Desert Abduction? Day One on the Jordan Trail, Hiking 40 miles from Dayna to Petra

From my journey on the Jordan Trail, hiking 40 mies from Dayna to Petra



From my five days Hiking the Jordan Trail,  from Dana to Petra. It is said that Moses, Abraham, Jesus and Muhammad have walked along what is now the Jordan Trail. I am excited to share from my on experiences.

[ Disclaimer: This story is told as I EXPERIENCED IT, I may never know for sure the depth of danger OR total innocence of my situation. Looking back I have nothing but respect, admiration and appreciation for the guide who substituted the first day for Ghassab Al Bedoul. I do not want anyone who might skim the following story to form the wrong opinion. In hindsight, I now realize that everything my guide did was in my best interest and I am grateful. Read on ]

Bear with me now for the setup, having a little context for my first day on the Jordan Trail will allow you to better understand my “desert abduction” on day one. It was a day that I will never forget.

Months ago, back in the US, I worked for weeks setting up this hike in the desert. I viewed an amazing video of my guide Ghassab Al Bedoul, wearing a white robe and red and white checkered keffiyeh.

In the video Ghassab tells about the bedouin life in the desert, dreams started forming in my head, bedouin tents with rich Arabian rugs, candlelight feasts and nights under the stars. Over a period of weeks I hashed out a six day plan with Ghassab’s corespondent in Amman, Laurie. Our emails resulted in a beautiful PDF itinerary that spelled out the path from Dana to Petra, mileage each day, caves and tents that we would sleep in, I loved the detail, I loved THE PLAN.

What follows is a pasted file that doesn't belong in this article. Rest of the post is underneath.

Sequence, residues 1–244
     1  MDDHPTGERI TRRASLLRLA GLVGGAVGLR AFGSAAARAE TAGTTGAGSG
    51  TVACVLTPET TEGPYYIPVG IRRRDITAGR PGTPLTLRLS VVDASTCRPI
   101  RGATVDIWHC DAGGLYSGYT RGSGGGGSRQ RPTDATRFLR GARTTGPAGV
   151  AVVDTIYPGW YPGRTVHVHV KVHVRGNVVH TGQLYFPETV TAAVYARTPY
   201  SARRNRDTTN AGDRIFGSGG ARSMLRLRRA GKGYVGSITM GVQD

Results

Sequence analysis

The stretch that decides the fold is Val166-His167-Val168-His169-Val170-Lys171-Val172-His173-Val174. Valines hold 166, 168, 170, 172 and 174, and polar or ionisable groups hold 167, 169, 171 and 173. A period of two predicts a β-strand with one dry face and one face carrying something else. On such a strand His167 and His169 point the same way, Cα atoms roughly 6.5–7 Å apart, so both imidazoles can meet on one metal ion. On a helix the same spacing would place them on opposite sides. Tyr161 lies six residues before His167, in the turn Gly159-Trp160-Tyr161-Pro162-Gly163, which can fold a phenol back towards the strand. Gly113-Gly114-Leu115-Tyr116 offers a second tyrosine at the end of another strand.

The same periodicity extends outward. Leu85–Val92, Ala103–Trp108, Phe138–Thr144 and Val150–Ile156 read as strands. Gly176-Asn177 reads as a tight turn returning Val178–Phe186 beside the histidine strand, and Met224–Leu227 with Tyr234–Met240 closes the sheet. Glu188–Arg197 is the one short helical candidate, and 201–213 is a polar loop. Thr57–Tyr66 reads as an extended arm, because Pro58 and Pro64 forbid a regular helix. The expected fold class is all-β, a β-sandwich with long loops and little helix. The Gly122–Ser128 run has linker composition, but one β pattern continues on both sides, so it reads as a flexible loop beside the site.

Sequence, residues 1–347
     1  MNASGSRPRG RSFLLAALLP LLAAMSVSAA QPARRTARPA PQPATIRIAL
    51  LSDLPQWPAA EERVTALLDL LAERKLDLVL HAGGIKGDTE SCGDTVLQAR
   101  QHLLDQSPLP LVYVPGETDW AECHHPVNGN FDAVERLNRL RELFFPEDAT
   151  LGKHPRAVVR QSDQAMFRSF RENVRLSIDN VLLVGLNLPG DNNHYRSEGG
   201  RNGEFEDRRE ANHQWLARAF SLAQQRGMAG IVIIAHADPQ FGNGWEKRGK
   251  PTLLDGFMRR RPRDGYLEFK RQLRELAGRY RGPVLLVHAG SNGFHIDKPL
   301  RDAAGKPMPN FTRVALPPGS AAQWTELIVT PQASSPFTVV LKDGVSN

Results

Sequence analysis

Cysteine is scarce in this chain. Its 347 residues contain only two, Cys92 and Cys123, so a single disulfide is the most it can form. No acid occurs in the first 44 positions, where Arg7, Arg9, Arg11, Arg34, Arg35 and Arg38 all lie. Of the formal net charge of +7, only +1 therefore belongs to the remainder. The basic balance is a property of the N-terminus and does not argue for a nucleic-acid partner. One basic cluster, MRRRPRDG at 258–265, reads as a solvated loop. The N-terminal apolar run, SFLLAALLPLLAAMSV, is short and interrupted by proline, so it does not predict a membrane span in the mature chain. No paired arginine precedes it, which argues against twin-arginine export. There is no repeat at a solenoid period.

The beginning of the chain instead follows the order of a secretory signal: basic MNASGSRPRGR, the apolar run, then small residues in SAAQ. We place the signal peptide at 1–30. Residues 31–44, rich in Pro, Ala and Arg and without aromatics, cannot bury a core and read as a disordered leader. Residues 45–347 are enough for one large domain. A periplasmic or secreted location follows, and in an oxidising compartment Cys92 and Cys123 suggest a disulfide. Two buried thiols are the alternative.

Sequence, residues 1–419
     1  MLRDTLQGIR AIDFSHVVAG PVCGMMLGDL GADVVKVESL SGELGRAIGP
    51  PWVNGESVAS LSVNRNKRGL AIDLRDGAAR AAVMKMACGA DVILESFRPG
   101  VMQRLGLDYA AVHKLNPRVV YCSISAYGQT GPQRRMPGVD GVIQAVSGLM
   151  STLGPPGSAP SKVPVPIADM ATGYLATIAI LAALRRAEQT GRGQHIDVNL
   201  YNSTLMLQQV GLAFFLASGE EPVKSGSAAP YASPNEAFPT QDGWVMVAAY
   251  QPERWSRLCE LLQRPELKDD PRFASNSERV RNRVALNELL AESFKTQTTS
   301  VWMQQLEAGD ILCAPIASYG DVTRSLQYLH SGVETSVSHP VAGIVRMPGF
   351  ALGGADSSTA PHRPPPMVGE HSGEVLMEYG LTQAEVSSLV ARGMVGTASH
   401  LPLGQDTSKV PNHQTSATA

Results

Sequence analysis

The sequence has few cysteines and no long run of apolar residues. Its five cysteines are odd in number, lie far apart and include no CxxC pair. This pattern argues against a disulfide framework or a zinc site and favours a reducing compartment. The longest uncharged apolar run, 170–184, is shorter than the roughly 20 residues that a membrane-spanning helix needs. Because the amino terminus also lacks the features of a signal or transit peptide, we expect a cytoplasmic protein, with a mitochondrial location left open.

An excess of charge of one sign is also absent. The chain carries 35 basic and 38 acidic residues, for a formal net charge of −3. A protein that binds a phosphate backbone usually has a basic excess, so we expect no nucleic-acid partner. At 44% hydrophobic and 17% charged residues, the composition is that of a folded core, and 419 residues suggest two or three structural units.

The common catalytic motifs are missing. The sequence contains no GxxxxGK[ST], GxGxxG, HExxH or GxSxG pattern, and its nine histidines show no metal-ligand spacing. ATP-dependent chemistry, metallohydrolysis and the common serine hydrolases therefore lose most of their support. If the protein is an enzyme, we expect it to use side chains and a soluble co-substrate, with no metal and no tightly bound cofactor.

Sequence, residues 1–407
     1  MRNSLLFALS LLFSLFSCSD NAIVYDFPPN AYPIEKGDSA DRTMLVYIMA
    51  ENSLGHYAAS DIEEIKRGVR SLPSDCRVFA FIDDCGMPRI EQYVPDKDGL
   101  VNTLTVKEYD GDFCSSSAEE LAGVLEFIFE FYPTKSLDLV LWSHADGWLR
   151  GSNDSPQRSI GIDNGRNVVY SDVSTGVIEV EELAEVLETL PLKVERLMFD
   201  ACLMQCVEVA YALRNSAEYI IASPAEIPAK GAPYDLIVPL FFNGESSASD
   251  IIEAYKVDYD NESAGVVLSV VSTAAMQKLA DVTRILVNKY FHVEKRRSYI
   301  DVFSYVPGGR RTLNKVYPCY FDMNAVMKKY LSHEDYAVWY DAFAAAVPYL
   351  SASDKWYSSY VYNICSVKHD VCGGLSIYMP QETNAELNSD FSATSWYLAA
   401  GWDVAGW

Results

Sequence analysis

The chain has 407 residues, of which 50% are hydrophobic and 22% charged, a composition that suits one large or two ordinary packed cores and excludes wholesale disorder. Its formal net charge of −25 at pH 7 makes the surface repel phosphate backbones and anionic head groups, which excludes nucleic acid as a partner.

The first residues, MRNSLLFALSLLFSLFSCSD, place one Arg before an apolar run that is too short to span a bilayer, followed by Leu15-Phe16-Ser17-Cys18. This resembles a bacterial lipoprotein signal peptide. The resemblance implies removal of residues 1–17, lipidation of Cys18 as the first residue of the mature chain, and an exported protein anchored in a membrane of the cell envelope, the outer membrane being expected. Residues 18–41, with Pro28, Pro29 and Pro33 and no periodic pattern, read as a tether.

When Laurie told me by email that she could not guarantee that Ghassab would be my guide, I replied with “I will only do this trip if Ghassab is my guide”. Being an experienced traveler I did not want the third string. Laurie checked into this and made the guarantee that Ghassab would be my guide.

Flash forward a few months to my arrival in the desert, the night before my hike was to begin, Laurie’s new email read “unfortunately Ghassab has been detained and a substitute guide by the name of Ghassan would step in the first day. Wanting to be cordial and pleasant I hoped for the best and replied with “no problem’. My travel experience is that you plan the best that you can but once the plan is in motion you accept whatever comes as God’s will.

During our strenuous 12 mile hike the first day, water was a little more scarce than I felt comfortable with, Ghassan kept asking me about the plan, leaving me with the feeling that he was not fully briefed and that he intended to be my guide for the duration. Then, upon our arrival to camp that evening there was no bedouin tent. It looked more like a run down west Texas farm. No Candle lit tent or Persian rugs, no ornate pillows, instead of dancing to Arabic music (I have a big imagination and have watched too many movies) there was only goats baahing in the wind.

Ghassan informed me that a storm was coming and that if we stayed in a tent we would be blown away. Having lived my life as a Real Estate Broker and property manager from the age of 18, I had heard a lot of stories and my fatigued mind figured this to be another. Some conjured up excuse so as to get around delivering what I had been promised.

Bone tired, I laid down on the floor, the smoke from my substitute guides cigarettes permeating the air. My surroundings smelled much like the fire station of my childhood in Camack Village Arkansas where my Uncle Rupert was the mayor and fire chief fifty years ago. This did not feel like Lawrence of Arabia, the 3 1/2 hour movie that I watched on the plane during my flight to the middle east.